Why," says I, “what do you here all alone?"
Why," says he, “I am a poor, desolate man; it has pleased God I am not yet visited, though my family is, and one of my children dead.”
"How do you mean, then," said I, " that you are not visited ?"
Why," says he, “that is my house," pointing to a very little, low boarded house," and there my poor wife and two children live," said he; “if they may be said to live, for my wife and one of the children are visited, but I do not come at them.” And with that word I saw the tears run very
plentifully down his face; and so they did down mine too, I assure you.
“But,” said I, “why do you not come at them? How can you abandon your own flesh and blood ?"
“Oh, sir,” says he, “the Lord forbid ; I do not abandon them, I work for them as much as I am able, and blessed be the Lord, I keep them from want;" and with that I observed he lifted up his eyes to heaven with a countenance that presently told me I had happened on a man who was no hypocrite, but a serious, religious, good man, and his ejaculation was an expression of thankfulness that, in such a condition as he was in, he should be able to say his family was not in want.
Well,” says I, “honest man, that is a great mercy as things go now with the poor. But how do you live, then ; and how are you kept from the dreadful calamity that is now upon us all ?” 'Why, sir," says he, “I am a waterman, and there is my boat,” says he; "and the boat serves me for a house; I work in it in the day, and I sleep in it in the night; and what I get I lay down upon that stone," says he, showing me a broad stone on the other side of the street, a good way from his house, “and then," says he, “I halloo and call to them till I make them hear, and they come and fetch it."
“Well, friend,” says I, “but how can you get any money as a waterman? Does anybody go by water these times?” “Yes, sir,” says he, “in the way I am employed there does. Do you see there," says he, "five ships lie at anchor," pointing down the river, “a good way below the town? and do you see," says he, "eight or ten ships lie at the chain there, and at anchor yonder ?" pointing above the town. “All those ships have families on board, of their merchants and owners, and such like, who have locked themselves up, and live on board, close shut in, for fear of the infection; and I tend on them to fetch things for them, carry letters, and do what is absolutely necessary, that they may not be obliged to come on shore; and every night I fasten my boat on board one of the ships' boats, and there I sleep by myself, and, blessed be God, I am preserved hitherto."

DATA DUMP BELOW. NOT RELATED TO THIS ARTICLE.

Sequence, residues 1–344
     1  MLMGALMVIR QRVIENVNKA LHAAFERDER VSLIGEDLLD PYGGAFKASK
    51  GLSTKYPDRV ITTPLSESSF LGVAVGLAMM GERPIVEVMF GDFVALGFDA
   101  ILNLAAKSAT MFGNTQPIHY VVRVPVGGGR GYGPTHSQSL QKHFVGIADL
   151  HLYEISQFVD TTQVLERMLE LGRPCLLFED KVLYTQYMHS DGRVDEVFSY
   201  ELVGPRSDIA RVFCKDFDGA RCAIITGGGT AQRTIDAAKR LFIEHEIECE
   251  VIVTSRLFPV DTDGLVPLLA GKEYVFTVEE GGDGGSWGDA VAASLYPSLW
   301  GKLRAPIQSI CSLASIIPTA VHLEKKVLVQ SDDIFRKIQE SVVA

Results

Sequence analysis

“Well,” said I, “friend, but will they let you come on board, after you have been on shore here, when this is such a terrible place, and so infected as it is ?"
"Why, as to that,” says he, “I very seldom go up the ship's side, but deliver what I bring to their boat, or lie by the side, and they hoist it on board; if I did, I think they are in no danger from me, for I never go into any house on shore, or touch anybody, no, not of my own family: but I fetch provisions for them.”
“Nay," says I, "but that may be worse, for you must have those provisions of somebody or other; and since all this part of the town is so infected, it is dangerous so much as to speak with anybody; for the village," said I, "is, as it were, the beginning of London, though it be at some distance from it."
“That is true," added he, “but you do not understand me right. I do not buy provisions for them here. I row up to Greenwich, and buy fresh